February 9, 2007
McCowen's lawyer: Impound photos
By HILARY RUSS
BARNSTABLE - They were the most emotionally jarring pieces of evidence - photos and video of
Christa Worthington's bruised, bloody, naked body on the floor of her cluttered home.
A major media network wants to copy the images. But the state wants them to remain unpublished,
and yesterday defense attorney Robert George agreed.
In a one-page filing dated
Feb. 6, but entered into the docket yesterday, George, who defended Christopher McCowen before
the jury that convicted him of rape and murder, assented to the motion by Cape and Islands District
Attorney Michael O'Keefe's office that seeks to have crime scene photos impounded.
''They can see anything that they want to that they've already seen in open court,'' O'Keefe said of the
many local and national media outlets interested in the trial. ''But I don't think it's appropriate to be
publishing pictures of the deceased in death.''
O'Keefe filed the motion earlier this month after CBS broadcasting network requested copies of the
exhibits, O'Keefe said. Judge Gary Nickerson will take O'Keefe's motion, and George's assent, under
consideration when he hears arguments to impound the photos. He could rule that the public has a
right to see the photos but not duplicate or publish them, according to several sources.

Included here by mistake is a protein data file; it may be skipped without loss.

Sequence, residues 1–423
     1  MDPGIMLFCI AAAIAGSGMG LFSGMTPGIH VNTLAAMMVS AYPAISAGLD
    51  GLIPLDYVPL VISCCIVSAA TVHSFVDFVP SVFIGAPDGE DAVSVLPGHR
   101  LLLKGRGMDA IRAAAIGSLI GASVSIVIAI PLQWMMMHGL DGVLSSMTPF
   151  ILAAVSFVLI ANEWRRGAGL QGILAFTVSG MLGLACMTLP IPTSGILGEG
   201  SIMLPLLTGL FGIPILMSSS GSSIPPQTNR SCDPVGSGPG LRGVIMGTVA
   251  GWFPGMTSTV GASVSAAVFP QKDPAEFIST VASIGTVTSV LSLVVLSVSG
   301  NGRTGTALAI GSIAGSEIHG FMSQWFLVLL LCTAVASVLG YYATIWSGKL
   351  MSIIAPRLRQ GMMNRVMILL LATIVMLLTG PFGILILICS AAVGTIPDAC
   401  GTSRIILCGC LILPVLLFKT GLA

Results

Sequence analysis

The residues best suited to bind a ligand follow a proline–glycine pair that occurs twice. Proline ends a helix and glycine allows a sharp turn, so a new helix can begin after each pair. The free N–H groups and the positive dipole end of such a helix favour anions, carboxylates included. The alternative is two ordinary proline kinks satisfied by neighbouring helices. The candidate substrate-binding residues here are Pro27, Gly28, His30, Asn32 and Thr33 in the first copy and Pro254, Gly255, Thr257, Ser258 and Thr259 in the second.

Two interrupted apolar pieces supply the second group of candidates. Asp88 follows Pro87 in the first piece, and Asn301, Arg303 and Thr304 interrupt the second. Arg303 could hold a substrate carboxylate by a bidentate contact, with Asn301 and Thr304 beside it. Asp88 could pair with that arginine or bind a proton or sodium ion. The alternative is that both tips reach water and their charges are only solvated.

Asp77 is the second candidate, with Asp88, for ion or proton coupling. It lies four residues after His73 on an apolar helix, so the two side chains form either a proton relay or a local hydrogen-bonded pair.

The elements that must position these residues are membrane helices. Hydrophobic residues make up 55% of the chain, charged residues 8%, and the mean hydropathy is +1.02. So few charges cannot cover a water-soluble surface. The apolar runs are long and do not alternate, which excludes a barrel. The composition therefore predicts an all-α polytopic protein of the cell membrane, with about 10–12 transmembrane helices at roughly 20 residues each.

In the motion, O'Keefe asked that three exhibits be ''permanently impounded.'' But yesterday, he said
the motion was just a ''vehicle'' and that he sought only to prohibit publication of those photos, not
access to them.
In his assent, George echoed O'Keefe's arguments for impounding the gruesome pictures. ''I
recognize that Christa Worthington and her family have a right to privacy,'' George said. ''It doesn't
affect Mr. McCowen's appellate right or new trial rights. And therefore I just didn't find it wise to
oppose a motion which appears to be nothing more than an attempt to preserve what is left of the
dignity of Christa Worthington for her daughter.''
George thought of the photos as more inflammatory than helpful to his client, whose conviction is
''Other than possibly showing that the body had been moved and the sloppy condition of the house,
the crime scene photos do nothing but inflame the public against McCowen, just as those same
photos prejudiced the jury.''
Nickerson will hear arguments on the motion on Feb. 27 in Barnstable Superior Court.
Hilary Russ can be reached at email@example.com.
(Published: February 9, 2007)